Mason Neck State Park is on a peninsula formed by Pohick Bay on the north, Belmont Bay on the south and the Potomac River on the east. The peninsula is an active heron rookery. The park also attracts several other migrating and non-migrating species of birds, including tundra swans and assorted species of duck. Bald eagles also inhabit the area. The park boasts several hundred acres of hardwood forests consisting of oaks, holly, hickory and other species of trees. In addition, several wetland areas are also found in Mason Neck.
Land was purchased over the years from the Nature Conservancy. The park connects with a National Wildlife Refuge, which is more than 2,000 acres. The park opened to the public in 1985.
Learn about the community founder, George Mason.
George Mason's Gunston Hall
Gunston Hall is an 18th-century Georgian mansion near the Potomac River in Mason Neck, Virginia, USA. The house was the home of the United States Founding Father George Mason. It was located at the center of a 5,500 acre (22 km²) plantation.The home is also located not far from George Washington's home. The construction period of Gunston Hall was between 1755 and 1759.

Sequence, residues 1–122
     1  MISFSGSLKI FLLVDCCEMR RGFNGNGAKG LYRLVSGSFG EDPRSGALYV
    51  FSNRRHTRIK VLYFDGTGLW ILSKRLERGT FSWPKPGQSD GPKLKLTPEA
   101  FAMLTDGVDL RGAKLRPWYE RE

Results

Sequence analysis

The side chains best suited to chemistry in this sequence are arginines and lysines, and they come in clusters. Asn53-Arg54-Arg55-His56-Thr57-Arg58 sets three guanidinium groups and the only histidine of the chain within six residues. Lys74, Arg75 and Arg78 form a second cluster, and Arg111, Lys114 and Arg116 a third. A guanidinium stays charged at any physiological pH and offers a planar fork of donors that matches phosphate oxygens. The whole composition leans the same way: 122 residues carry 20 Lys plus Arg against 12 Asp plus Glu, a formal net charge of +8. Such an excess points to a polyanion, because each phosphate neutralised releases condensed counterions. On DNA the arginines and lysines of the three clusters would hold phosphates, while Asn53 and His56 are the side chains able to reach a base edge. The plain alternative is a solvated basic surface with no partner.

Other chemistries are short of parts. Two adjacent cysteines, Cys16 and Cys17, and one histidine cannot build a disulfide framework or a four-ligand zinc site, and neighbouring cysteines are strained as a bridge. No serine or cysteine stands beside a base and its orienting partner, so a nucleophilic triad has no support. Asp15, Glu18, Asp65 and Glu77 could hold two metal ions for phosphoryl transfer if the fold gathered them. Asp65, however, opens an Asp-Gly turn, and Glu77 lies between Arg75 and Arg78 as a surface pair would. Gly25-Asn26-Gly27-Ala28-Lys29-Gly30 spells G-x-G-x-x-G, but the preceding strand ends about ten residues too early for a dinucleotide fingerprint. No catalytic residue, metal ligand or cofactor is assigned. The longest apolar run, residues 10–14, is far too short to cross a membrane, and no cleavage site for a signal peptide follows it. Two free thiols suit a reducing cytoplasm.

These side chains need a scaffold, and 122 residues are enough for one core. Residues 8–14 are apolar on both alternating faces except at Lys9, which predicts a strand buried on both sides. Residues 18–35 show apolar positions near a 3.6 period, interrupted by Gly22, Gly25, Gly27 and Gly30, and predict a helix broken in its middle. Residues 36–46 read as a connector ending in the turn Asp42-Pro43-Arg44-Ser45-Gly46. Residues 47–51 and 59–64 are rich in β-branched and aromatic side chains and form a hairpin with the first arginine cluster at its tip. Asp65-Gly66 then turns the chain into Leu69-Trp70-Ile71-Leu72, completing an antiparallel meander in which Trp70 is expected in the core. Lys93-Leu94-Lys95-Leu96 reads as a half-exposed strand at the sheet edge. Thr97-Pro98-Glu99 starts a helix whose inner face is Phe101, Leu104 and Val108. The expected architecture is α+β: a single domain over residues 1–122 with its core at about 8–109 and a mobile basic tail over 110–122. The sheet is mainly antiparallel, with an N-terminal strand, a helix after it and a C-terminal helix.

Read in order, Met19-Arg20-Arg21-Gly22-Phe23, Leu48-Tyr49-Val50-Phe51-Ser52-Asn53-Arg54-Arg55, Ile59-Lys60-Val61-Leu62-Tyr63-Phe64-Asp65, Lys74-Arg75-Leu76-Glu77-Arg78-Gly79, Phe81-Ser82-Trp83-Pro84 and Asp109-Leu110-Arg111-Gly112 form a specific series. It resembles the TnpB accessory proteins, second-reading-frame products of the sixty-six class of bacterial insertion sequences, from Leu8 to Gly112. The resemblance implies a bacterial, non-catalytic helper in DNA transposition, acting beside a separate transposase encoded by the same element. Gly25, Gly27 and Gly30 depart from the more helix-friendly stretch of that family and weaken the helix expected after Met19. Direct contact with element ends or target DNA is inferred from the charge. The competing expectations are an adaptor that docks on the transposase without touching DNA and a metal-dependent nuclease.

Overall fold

Though George Mason IV built Gunston Hall as the “family seat” designed to remain in family hands in perpetuity, this was not to be the case. After his death in 1792, the mansion passed in quick succession to his son, George Mason V, who died in 1796, and then to his grandson, George Mason VI. Upon his death in 1834, his second wife Eleanor Clifton Patton Mason inherited the residence. She and George Mason Graham, who owned part of the property, sold Gunston Hall by 1867 to William Merrill and William Dawson. They in turn deeded the property to Edward Daniels in 1868. During the 1880s, the house was leased to Frank and S. M. Smith, who boarded local residents during the summer. Emma and Joseph Specht purchased the house in 1891 from Edward Daniels. The Specht’s daughter Adelaide sold the house to Paul and Vaughn Kester in 1907. After his brother’s death, Paul Kester sold the house to Louis Hertle in 1912. The Hertles were the last private owners of Gunston Hall before its gift to the Commonwealth of Virginia in 1949 to be administered by Regents from the National Society of the Colonial Dames of America.